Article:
Courtney Hackett

I’m a Rut girl, living in a Rut World
I never realized until this podcast, but I am a girl who is living in a cultural rut and I need help. I think, with my new insight on cultural ruts, that it is very important to break out of your comfort zone and try something new. I have always beens someone who tries to take advantage of new experiences but I never applied it to pop culture. I am in a cultural rut when it comes to most of my media consumption but especially when it comes to my taste in music. One of the women talking in the podcast mentioned how she has the same twelve hundred songs on her iPod which is something I can completely relate to. I think I am in a musical rut because I like my music to be songs that I am comfortable with. It doesn’t help that when it comes to my family and friends we all pretty much listen to the same radio stations and never really change our ways. One part of the podcast that really resonated with me was when they talked about the exchange of quotes as a way of bonding. Personally, I have never been someone who was able to memorize quotes and never understood what was so funny about consistently repeating the same lines back and forth. In the podcast they acknowledged that the exchange of quotes isn’t actually a conversation which really resonated with me because that is how I’ve always felt. I think this exchange of quotes as a form of communication shows how popular culture has changed society in many different ways.
My chosen piece of popular culture is music because I have a very basic taste in modern day music which includes Pop and Country. As I looked at my Spotify account my recommendations were for “Today’s Pop Hits” and “Today’s Hot Country,” I clearly need to broaden my horizons. As I looked through the genre categories I decided to check out the Blues section, assuming it was going to be quiet and simple music. I was very surprised by the first song I listened to which was “Mannish Boy” by Muddy Waters, because instead of the slow jazz I was expecting it was upbeat and soulful. The song Mannish Boy, to me, sounded like a mix of rock, pop, and jazz and I kind of loved it. I listened to the Spotify playlist “Chicago Blues” for an entire day between classes, and I have honestly added two songs onto my playlist.

Two of my favorite playlists are “Mood Boosters” or “Happy Hits” on Spotify and while listening to “Chicago Blues” I honestly thought to myself that these songs should be added on because they made me feel just as happy. I am always that girl walking to classes who has a slight smile on her face and head bobbing because of my music, I still had that same experience today while listening to the Blues. I actually felt like I was a more intriguing person because if someone had asked me what I was listening to they would have thought I was a lot cooler than I really am. I feel like Blues are made for people who have a little sass to them, I don’t know if that is necessarily me, but I did feel more empowered after listening to this playlist. I don’t think I am necessarily going to change my ways completely but I think on the occasional day I will no longer be afraid to listen to some Blues. I learned that Blues does not mean sad music to listen to when you get down, and I learned that songs that everyone listens to on the radio are not necessarily the only option to put you in the right mood. I already feel like my grandparents are watching over me, elated that I found enjoyment in something they once loved.
One of my favorite readings so far in this class was James Wolcott’s “I’M A CULTURE CRITIC … GET ME OUT OF HERE!”, when he talked about how reality TV has lowered network property values and annihilated classic documentary styles. I enjoyed this reading because I felt as if my Dad had written this article and was trying to prove to my sister and I that everything we watch is complete trash. The funny part about this article is that I completely agreed with him but I still consume reality TV as a form of media. I felt like this article was very relatable to my experience with being stuck in a cultural rut when it comes to my taste in music because of the way pop culture controls what you listen to. As a student at UIUC there are many diverse students who consume multiple types of media but I still think we’re all a little stuck. As discussed in the Podcast, newer technologies such as Sirius radio group music intro genres and still play the same songs on repeat. I think Spotify and Radio stations are very similar to Reality TV in that they have changed the way the world consumes media. With reality TV networks such as Bravo and A&E Wolcott (2009) discusses how they “abandoned any arty aspirations years ago and rebranded themselves as vanity mirrors” (p. 1), the same can be said for radio stations that only play artists whose songs are the same as everything else on the radio. Whether it is pop, country, rock or any other genre it seems radio stations don’t ever try to mix it up or try to broaden listeners tastes. Music, like Reality TV, has become stuck in a cultural rut of pushing new and different styles aside and sticking to the norm.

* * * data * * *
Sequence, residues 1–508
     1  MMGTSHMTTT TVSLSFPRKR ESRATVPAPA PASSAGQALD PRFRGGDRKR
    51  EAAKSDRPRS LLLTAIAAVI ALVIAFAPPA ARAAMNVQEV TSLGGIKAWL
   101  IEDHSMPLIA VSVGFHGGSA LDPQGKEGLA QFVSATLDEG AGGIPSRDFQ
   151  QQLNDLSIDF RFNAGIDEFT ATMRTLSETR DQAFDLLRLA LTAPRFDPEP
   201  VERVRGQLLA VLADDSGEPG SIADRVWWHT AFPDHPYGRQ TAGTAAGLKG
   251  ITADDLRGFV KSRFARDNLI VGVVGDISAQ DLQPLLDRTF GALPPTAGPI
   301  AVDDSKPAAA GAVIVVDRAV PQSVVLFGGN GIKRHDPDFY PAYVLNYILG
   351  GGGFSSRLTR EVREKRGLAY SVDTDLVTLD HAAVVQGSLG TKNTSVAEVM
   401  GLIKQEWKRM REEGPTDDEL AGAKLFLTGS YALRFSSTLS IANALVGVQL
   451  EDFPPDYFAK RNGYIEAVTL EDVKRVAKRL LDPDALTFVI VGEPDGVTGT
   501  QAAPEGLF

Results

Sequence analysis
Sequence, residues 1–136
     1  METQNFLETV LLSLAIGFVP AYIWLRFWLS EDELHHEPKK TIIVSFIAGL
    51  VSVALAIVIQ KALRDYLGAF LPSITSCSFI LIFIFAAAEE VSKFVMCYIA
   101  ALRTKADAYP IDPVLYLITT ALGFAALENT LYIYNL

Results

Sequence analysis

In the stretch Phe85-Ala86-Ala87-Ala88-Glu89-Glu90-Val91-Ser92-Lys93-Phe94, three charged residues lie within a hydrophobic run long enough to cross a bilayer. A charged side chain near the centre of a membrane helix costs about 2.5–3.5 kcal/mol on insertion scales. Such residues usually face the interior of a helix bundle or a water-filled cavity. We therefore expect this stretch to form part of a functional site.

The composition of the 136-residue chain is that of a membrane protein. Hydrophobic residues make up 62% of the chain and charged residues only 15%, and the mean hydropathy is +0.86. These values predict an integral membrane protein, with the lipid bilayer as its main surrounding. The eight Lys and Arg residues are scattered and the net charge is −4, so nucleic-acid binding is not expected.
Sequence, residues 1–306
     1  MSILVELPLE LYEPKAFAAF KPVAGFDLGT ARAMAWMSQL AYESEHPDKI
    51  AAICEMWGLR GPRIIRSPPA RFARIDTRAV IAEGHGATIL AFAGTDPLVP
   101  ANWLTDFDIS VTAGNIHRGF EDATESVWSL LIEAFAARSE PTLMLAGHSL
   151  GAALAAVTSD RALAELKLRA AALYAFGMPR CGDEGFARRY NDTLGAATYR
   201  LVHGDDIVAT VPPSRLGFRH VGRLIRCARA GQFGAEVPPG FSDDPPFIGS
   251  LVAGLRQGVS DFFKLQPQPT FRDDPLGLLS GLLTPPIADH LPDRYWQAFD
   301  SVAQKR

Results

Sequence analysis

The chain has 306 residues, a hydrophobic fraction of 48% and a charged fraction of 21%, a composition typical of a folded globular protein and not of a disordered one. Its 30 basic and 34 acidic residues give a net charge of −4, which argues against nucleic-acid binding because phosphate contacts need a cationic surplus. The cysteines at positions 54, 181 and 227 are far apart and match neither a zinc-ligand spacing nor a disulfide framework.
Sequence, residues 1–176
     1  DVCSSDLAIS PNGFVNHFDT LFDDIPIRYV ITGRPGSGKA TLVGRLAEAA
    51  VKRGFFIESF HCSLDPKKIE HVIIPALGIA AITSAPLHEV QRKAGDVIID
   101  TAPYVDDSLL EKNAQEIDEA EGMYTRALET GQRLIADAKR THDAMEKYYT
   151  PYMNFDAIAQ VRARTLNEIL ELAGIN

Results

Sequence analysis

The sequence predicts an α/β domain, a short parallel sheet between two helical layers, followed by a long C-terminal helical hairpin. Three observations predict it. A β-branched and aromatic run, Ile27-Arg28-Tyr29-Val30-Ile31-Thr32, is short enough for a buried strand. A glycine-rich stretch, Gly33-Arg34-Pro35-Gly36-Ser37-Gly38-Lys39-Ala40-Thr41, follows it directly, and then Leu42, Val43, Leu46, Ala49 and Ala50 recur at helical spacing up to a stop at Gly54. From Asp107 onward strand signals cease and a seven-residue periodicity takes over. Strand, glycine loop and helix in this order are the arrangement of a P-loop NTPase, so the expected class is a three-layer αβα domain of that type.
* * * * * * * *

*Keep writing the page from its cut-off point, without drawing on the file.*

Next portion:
All in all, I am really happy that I went outside of my comfort zone and I think more people should push themselves to try new things. I don’t know if people would be upset if their favorite radio stations strayed away from the norm and started playing things a little different but I think it would give people a broader perspective about how much is available in the world. I will from now on make a conscious effort to try a new show, movie, book, or song.

Reference List
Thompson, S. (2014). “Pop Culture Happy Hour: Repurposing ‘The Simpsons’ And Busting Out Of A Rut.” Podcast from npr.org
Waters, M. (1955). Mannish Boy. Chess.
Wolcott, J. (2009, Nov 11). I’M A CULTURE CRITIC … GET ME OUT OF HERE! Retrieved from vanityfair.com


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